The publicist didn't hike in with me, though, and the AMC never sent any busybody, iPhone-toting "hospitality specialist" up to Galehead to ride herd on the crew. The graying administrators seem to recognize that the huts' magic lies in surrendering control to the kids. The whole show is like a mountain flower in springtime--you don't want to mess with its loveliness.

One morning at 6:30, Siner and another hut worker, Elizabeth Waste, stand in the hall outside the bunk rooms, silhouetted in the soft gray light coming in the fogged-over window, and play a wake-up song, "Angel from Montgomery." The folk classic is a sad and plaintive tune, a story told in the voice of an old woman at the end of her life. "Just give me one thing that I can hold on to," it goes. "To believe in this living is just a hard way to go."

The two young women sing softly and with tentative care, Siner holding the lyrics out before them. And as the guests begin traipsing out of their bunks (silent, unshaven, stooped and pottering about, in old long johns speckled with odd scraps of bark), I am moved to reflect that people have been waking like this, to the sound of the human voice, in the AMC's huts for more than 120 years. The whole virtuous endeavor of sallying forth into the fresh air of New England's high mountain climes began back when men hiked in knickers and women in long woolen dresses, and it is still going on. Kids are still playing mandolin and singing up in the mountains with sweet and earnest intent--it's one thing to hold on to.

"We'll have breakfast for you at 7," Siner says, wrapping up. The salt smell of sizzling bacon wafts out of the kitchen, and the guests gather their toothbrushes and limp along toward the bathroom and its cold-water taps.




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Reader Rating: Star Star Star Star Star

READERS COMMENTS

Star Star
tim
Mar 01, 2014

i was sooooo disappointed when i found out the price to stay at these huts. this one in the pic looks alot like the one i was at. dormitory style bunkbeds for over $100. i lost some respect for the trail association after that. this is more of a hostel and should be charging those kind of prices. $20-25 at most.

Star Star Star Star Star
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current croo
Oct 30, 2012

Thank you, Mike. Steve, as a current croo member, we do our best to personally interact with as many guests as possible not only because we enjoy it, but also because we want our guests to have the best possible experience. We love where we work, and want to share this passion with as many people as possible. You can imagine, though, that preparing meals, conducting search and rescues, packing food, and generally being "on duty" from 6 in the morning until 9:30 at night are collectively challenging for a croo of 4-5 college age students to perfectly execute. As hard as we do try to do the best job possible, and as much as we love doing so, we rely on the feedback of the guests to improve the hut experience. So, if you have feedback on the guest service, please please please leave comment cards or get in touch with the huts supervisor/manager! Many thanks to all who continue to support the mission of the AMC and huts.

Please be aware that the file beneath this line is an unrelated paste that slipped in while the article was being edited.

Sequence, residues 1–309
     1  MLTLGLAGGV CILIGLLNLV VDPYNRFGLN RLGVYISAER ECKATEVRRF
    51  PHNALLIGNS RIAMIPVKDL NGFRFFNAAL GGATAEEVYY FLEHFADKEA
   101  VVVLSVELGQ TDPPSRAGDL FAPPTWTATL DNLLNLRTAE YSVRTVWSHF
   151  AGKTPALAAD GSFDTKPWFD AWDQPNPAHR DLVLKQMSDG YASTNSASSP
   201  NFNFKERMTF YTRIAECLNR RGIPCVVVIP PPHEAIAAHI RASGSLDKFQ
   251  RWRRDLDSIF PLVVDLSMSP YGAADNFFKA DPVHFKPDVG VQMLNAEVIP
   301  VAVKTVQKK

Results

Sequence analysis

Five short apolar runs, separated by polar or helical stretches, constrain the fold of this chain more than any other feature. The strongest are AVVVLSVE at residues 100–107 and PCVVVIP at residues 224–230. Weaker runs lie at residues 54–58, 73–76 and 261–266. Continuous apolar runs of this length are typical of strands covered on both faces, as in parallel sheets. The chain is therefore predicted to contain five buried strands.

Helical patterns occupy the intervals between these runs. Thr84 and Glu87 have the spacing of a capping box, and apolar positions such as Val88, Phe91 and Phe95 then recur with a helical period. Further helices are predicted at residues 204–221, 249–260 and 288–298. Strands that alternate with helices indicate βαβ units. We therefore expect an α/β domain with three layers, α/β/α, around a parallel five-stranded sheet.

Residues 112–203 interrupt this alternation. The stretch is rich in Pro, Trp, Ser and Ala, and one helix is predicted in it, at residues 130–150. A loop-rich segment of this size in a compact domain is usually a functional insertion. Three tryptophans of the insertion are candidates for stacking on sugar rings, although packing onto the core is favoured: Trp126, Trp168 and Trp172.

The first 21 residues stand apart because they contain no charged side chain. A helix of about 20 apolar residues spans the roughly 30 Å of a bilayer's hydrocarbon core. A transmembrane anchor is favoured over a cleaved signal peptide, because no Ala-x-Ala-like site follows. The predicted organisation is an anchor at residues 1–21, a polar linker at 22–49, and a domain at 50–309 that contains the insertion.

Rika
Jan 06, 2011

I worked at the Joe Dodge Lodge, at the base of Mt. Washington a few years ago when I was 20, brings back some of the best memories! The hut folks are amazing...I wish I would have been chosen to be one of them!

Bill B.
Sep 14, 2010

I worked in the hut system in the 70's (Lakes of the Clouds, Greenleaf and Mizpah) and this article by Bill Donahue perfectly captures the feeling we had then. Great thoughtful piece of writing, especially the Peter Pan aspect which is exactly what it feels like.

Mike
Aug 22, 2010

Amazing place, amazing people. All croo members will risk their lives for you if you get in trouble. And what's wrong with tips. These kids work their butts off and basically make nothing...just see what happens if you don't tip your waiter or cab driver!

rcl
Aug 17, 2010

mek: go to www.outdoors.org
it's best to apply soon after nov. 1 because spots fill up quickly

Greg
Aug 05, 2010

It's a great system! I wish I'd have done something like this in my 20's

MEK
Aug 05, 2010

How would I go about applying for a job with these people? Any other jobs like this that anyone knows about? I am a 20 year old college kid and this sounds like heaven!

Steve
Aug 05, 2010

Some "croo" are good people.

Others just want you to make up your bunk, sweep out the place, and leave quickly -- after they've begged for a tip.